Climate change impacts many aspects of buildings including energy efficiency, indoor climate as well as structures and construction materials. Because of this it is crucial to consider climate change impacts when planning new buildings and/or refurbishing existing building stock. Buildings are the most affected by increase of the frequency of extreme precipitation, heat waves through the whole country and flooding events of coastal areas. The rise in annual average temperature may as a positive effect lower the average heat consumption but at the same time raise cooling demand and with that electricity consumption. High temperatures have the biggest impact on office buildings and hospitals, buildings where people are staying during the daytime and are unable to choose/change their location, making the control of overheating more important than in houses. The rise in precipitation affects many aspects of buildings, having a negative impact on indoor climate and energy efficiency as well as on construction materials. Sea level rise and extreme weather events may in the future cause more flooding with greater impacts making climate change adaptation especially crucial for coastal built up areas.

Transport
In the transport sector the main impacts are related to rise in precipitation and average winter temperatures that will have more permanent impacts from 2030 and 2050 onwards. The most vulnerable transport modes are road passenger transport and road freight both in rural areas and cities. The main negative aspects include the following: increasing number of traffic interruptions, risks related to icy roads and streets, lower bearing capacity of secondary roads and higher pedestrian and cyclist risks in traffic due to prolonged dark period. More frequent extreme weather episodes where accumulating impacts can lead to major hazards and challenge the whole transport system. As to positive long-term climate change the following can be highlighted: increased mobility and better access during winter period, prolonged season for cycling and walking, prolonged navigation period on the Baltic Sea as well as inland waterways.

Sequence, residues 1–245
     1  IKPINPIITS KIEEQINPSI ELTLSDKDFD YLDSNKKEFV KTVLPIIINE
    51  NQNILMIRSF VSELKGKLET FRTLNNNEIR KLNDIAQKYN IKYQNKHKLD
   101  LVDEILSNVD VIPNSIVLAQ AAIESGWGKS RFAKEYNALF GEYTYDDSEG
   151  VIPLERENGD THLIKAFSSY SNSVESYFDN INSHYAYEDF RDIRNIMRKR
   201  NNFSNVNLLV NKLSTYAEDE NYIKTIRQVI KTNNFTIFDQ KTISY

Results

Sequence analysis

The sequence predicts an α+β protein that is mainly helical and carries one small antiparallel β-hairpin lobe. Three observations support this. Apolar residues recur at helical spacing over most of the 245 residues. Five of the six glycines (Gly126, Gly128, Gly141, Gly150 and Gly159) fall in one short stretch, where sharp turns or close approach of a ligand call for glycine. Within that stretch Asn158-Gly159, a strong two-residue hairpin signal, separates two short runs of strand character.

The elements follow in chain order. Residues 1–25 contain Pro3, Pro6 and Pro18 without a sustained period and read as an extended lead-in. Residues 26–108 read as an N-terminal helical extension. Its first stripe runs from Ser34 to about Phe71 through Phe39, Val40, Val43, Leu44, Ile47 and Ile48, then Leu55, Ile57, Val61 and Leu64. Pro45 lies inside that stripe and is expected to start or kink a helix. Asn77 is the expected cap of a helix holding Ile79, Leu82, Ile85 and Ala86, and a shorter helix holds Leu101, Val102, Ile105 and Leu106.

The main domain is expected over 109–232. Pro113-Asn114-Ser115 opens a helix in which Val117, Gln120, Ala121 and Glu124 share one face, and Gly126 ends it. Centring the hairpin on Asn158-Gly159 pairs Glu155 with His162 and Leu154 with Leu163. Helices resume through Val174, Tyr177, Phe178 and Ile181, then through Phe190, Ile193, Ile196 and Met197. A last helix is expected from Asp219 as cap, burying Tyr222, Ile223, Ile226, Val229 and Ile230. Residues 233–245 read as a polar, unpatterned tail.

The share of electric vehicles in Estonian and European vehicle stock is expected to increase considerably after 2030. Higher winter temperatures will further encourage the shift towards EV-s, however the EV-s are more vulnerable to disruptions in electricity supply and extreme weather episodes. Higher average temperatures and shorter period with snow cover can also lead to both positive and negative impacts – it will likely lead to increased demand in mobility of people and goods, both road and water-borne transport, which leads to general positive socio-economic impacts. However, it is also likely to increase traffic safety risks, increase the load on road network and energy demand. The impacts of unknown nature are related to prolonged vegetation period – how it will impact local agricultural and forestry production and related freight transport both regionally and internationally. Second, the impacts of climate change on domestic and international tourism and related transport demand are unclear. Third, the combination of impact of coastal processes and other climate conditions to accessibility to islands, coastal regions and smaller ports. Fourth, the vulnerability of transport technologies and fuels used in transport is of unknown nature.